Ethiopia allows flights to Tigray, none yet to take off from Addis Ababa
NAIROBI, Kenya - Authorities in Addis Ababa said humanitarian flights can take off to the Tigray region, which has been embroiled in a deadly war for the last eight months, amid concerns from the international community, which has been pushing for restoration of others in the north.
The international community had raised concerns given aid wasn't reaching people racing famine, but despite Ethiopia claiming to have cleared the flights, civil aviation noted that no such flights have taken off from Addis Ababa.
For all these months, the Ethiopian National Defense Forces [ENDF] has been battling with Tigray People's Liberation Front [TPLF], otherwise known as Tigray Defense Forces [TDF], which the administrations often label as "terrorists".
TPLF seized Mekelle, the regional administrative capital of Tigray, which had been under the control of ENDF, but the government insisted it had willingly withdrawn to allow humanitarian groups to help innocent civilians. TPLF has since claimed victory in the conflict.
Prime Minister Abiy Ahmed's government declared a unilateral humanitarian ceasefire and said its soldiers left Mekelle to tend to greater security threats elsewhere.
"Since Monday, July 5, 2021, the Federal government has granted flight permission for all interested parties to provide humanitarian services in the Tigray region," authorities said on Twitter.
But Wesenyeleh Hunegnaw, director-general of the Ethiopian Civil Aviation Authority, said no such flights had taken off from Addis Ababa this week.
"It [permission] has to be processed by the Ministry of Foreign Affairs and then has to come to us. So far, we have received nothing from MFA," he told Reuters.
"And no flight has departed from Addis Ababa to Mekelle. If there were any, I would know."
OCHA, which is the UN humanitarian agency, told Reuters in a brief statement that it welcomed the Ethiopian government's announcement.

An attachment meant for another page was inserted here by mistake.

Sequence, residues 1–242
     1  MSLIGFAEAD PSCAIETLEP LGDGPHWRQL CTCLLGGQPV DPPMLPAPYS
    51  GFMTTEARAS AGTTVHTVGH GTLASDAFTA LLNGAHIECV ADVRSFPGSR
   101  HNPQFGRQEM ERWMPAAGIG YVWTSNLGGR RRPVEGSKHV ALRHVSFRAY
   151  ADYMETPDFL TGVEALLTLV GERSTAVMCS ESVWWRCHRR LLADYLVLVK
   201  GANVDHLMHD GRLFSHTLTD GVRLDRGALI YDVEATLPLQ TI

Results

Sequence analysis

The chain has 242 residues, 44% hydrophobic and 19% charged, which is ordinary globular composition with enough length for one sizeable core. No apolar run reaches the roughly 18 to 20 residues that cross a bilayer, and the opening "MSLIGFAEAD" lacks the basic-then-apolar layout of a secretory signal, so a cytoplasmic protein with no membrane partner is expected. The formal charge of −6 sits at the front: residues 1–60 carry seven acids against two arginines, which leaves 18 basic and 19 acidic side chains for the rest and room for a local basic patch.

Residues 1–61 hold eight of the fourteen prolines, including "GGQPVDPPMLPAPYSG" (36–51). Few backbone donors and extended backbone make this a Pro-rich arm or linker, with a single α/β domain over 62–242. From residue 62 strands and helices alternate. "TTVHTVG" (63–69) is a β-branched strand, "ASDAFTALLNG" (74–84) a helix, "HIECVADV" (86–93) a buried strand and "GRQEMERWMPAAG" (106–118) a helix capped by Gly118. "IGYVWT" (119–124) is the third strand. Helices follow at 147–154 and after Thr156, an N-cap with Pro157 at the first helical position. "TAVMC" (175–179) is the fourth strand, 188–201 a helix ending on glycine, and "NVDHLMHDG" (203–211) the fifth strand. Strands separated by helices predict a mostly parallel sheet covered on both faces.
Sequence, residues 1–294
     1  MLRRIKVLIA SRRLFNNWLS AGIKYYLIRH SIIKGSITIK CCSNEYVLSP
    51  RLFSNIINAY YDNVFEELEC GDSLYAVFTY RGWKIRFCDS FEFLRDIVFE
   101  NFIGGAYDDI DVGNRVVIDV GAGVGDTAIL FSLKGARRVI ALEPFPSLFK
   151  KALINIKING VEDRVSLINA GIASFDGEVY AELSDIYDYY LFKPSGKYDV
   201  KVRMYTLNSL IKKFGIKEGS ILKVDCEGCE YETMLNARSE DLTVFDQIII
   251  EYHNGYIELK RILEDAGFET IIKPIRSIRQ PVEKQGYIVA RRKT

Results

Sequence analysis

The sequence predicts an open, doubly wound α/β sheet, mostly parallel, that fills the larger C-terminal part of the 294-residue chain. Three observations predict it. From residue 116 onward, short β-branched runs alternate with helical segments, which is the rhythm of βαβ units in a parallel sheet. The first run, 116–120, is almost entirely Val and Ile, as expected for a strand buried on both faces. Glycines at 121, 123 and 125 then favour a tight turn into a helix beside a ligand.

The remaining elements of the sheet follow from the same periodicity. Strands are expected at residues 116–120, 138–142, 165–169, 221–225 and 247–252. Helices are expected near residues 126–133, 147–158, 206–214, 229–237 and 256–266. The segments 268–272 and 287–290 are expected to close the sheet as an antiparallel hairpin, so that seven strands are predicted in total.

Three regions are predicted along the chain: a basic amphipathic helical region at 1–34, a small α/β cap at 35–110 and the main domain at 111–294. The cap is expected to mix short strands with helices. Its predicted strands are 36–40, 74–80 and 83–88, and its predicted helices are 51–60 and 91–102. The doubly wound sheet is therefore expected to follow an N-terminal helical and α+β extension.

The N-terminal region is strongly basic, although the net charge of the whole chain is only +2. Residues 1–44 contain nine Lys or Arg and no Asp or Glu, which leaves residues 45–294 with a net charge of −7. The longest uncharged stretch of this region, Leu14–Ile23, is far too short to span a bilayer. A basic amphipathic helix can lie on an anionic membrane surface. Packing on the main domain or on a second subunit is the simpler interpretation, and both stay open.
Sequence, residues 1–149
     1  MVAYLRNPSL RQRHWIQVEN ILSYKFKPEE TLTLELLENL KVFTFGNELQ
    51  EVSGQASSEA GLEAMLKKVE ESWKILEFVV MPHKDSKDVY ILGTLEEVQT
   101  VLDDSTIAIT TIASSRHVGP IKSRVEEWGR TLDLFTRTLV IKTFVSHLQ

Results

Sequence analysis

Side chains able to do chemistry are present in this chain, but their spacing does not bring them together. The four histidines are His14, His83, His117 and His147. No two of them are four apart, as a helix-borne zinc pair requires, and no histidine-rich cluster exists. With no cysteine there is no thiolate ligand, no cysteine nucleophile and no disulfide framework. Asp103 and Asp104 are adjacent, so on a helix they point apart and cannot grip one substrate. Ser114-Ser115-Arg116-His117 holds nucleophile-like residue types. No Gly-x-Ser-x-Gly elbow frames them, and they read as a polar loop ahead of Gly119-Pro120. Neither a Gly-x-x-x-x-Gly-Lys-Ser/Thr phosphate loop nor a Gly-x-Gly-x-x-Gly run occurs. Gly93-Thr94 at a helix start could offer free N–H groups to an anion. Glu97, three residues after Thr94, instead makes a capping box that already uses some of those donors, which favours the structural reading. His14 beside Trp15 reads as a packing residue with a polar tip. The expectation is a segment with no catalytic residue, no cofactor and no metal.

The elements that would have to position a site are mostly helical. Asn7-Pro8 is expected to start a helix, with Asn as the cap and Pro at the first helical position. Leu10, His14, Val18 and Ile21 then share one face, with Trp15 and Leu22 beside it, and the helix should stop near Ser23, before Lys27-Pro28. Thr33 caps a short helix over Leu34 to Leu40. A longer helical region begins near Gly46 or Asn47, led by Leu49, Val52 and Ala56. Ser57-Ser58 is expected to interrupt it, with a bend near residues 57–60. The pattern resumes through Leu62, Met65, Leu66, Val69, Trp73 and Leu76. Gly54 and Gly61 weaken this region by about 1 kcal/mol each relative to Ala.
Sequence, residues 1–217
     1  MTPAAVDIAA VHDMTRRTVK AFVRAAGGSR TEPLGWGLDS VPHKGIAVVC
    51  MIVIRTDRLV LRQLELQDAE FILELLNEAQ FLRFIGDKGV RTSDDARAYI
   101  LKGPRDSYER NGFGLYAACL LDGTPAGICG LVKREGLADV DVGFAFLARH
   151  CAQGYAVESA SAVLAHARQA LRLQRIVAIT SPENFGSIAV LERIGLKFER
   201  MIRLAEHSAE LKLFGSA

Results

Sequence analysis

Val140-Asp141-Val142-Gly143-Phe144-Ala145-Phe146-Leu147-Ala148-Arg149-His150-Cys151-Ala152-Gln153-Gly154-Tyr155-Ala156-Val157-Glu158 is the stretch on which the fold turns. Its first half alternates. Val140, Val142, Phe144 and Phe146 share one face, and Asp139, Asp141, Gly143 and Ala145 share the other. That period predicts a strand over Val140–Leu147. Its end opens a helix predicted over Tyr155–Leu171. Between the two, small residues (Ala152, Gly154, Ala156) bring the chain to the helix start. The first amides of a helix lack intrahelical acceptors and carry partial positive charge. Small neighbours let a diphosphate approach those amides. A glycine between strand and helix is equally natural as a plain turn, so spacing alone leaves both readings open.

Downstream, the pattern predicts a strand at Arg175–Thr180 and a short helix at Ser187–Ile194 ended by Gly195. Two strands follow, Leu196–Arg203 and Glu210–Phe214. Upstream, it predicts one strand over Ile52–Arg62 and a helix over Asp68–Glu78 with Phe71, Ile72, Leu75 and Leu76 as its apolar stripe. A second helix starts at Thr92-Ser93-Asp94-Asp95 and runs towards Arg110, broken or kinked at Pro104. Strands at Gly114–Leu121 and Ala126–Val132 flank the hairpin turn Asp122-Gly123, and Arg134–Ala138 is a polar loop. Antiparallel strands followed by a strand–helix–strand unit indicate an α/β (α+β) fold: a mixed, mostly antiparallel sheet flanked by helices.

"Unfortunately, no flights have yet been able to travel directly from Addis Ababa to Mekelle or [the northern town of] Shire this week," OCHA's Guiomar Pau Sole said. "However, we are following up with all relevant actors to ensure that direct flights are able to operate as soon as possible, in light of this announcement."
The United Nations said on Friday shortages of food had worsened dramatically over the past two weeks and some 400,000 people in Tigray were now estimated to be in famine, with another 1.8 million on the brink of famine. read more
Also on Friday, the government denied blocking humanitarian aid to Tigray and said it was rebuilding infrastructure amid accusations it is using hunger as a weapon.
It was not immediately possible to reach the TPLF or any of the Tigray region's leaders for comment. Last week, a spokesperson for the TPLF condemned the government’s shutdown of services, including air transport, as a continued act of war.
Pressure is building on both sides to end hostilities so that aid can reach the starving. The commander of the Tigrayan forces on Tuesday called for a negotiated ceasefire with the government and a political solution, saying the government could not win the war. read more
Aid agency Medecins Sans Frontieres [MSF] on Wednesday called for an investigation into the deaths of its three employees killed by unknown assailants in Tigray last month.
MSF said it was pulling back its activities in Abi Adi, Adigrat, and Axum, in central and eastern Tigray, while it will continue to provide assistance to people in urgent need in other areas.
"At this terrible time, we have made the extremely painful but necessary decision to suspend our activities in several areas of Tigray," MSF operations director Teresa Sancristoval said in a statement.